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Blackberries, dewberries, caneberries, brambles, or briars (Rubus L.) grow naturally across North America and portions of South America. There are over 375 different species of Rubus L. and it can be difficult to distinguish one species from another. Regardless of what you call them, blackberries can be very difficult to control once they encroach into pastures.
Previous recommendations for controlling blackberries have been to use herbicides in the spring when the plant is flowering. However, better control may be achieved with fall treatment.
University of Missouri Weed Scientist Kevin Bradley recently released data that suggests that fall herbicide treatment is more effective than spring treatments. Bradley’s research found that fall spraying was 36% more effective at controlling blackberries compared to spring spraying one year after spray application.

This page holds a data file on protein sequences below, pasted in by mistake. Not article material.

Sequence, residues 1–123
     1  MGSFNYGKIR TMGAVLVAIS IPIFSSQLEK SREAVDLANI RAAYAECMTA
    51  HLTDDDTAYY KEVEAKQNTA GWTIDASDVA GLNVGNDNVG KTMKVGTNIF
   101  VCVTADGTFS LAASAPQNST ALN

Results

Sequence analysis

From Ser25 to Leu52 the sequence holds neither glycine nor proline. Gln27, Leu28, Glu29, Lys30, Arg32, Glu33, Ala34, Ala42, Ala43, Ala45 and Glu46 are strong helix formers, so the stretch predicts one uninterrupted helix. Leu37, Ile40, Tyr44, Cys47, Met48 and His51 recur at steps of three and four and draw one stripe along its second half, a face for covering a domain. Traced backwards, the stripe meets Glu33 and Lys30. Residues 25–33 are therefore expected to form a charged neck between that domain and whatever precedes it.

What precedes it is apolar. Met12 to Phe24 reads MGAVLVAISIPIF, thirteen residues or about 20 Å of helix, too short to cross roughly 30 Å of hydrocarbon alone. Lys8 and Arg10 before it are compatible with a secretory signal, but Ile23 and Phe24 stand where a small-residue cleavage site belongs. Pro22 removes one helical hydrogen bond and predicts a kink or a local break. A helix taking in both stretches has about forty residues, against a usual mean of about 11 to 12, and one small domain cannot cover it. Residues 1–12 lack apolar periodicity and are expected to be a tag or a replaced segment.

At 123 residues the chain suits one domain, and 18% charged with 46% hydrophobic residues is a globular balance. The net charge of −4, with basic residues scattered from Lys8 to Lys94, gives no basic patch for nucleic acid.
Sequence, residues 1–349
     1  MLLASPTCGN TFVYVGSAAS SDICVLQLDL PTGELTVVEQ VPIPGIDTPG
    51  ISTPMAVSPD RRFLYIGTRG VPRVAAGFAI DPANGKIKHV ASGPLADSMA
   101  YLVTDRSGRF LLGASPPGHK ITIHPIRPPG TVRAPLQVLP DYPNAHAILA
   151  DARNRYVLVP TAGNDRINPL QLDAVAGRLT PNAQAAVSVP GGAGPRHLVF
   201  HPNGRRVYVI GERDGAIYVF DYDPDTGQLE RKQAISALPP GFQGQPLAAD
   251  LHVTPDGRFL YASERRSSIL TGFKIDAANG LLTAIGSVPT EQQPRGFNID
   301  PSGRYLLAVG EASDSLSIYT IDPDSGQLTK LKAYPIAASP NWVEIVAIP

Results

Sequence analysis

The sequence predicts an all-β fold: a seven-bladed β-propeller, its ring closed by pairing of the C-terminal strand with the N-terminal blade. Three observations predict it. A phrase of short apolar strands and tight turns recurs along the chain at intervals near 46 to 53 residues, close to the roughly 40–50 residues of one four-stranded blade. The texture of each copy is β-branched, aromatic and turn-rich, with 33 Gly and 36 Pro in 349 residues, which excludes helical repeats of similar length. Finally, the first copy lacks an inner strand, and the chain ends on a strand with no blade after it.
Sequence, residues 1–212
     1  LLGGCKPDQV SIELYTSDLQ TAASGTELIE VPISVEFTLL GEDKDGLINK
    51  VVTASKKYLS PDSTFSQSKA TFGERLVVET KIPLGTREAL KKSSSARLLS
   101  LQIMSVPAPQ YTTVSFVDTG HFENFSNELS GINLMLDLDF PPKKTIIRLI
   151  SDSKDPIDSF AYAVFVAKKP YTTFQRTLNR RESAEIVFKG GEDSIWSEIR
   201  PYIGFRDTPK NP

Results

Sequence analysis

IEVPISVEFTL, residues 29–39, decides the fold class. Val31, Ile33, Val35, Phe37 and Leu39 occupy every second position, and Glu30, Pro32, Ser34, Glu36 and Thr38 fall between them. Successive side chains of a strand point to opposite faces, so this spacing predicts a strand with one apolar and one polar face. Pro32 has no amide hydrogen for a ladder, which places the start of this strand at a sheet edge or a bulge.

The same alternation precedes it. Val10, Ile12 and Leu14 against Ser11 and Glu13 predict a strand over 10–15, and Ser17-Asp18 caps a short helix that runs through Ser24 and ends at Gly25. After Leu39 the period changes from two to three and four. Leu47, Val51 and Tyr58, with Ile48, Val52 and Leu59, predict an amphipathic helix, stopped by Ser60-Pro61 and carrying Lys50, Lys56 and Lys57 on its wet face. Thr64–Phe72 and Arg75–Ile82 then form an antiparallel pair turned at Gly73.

Some herbicides tested provided better control than others. Contact agronomist Sarah Kenyon to help determine which spray will work best for your weed-forage combination.
Always remember to read the label of any herbicide you apply for proper application instructions.
Herbicides work best when soil moisture is adequate. The majority of our area has received rainfall recently, although some locations still remain dry. If the area that you are spraying is dry you may want to consider waiting before spraying to achieve better control.
Pasture producers may also consider performing a soil test on field containing blackberries. Blackberries can be an indicator of poor soil fertility; however, correcting the fertility problem usually does not eliminate the blackberry problem, chemical or mechanical control are usually needed. Correcting poor soil fertility will allow the desirable forages to compete with weed seeds which will decrease weed germination.
Additionally, improved forage fertility will increase the quality of the forage offered to livestock.
For more information contact Regional Agronomy Specialist Sarah Kenyon at 417-778-7490 or email@example.com.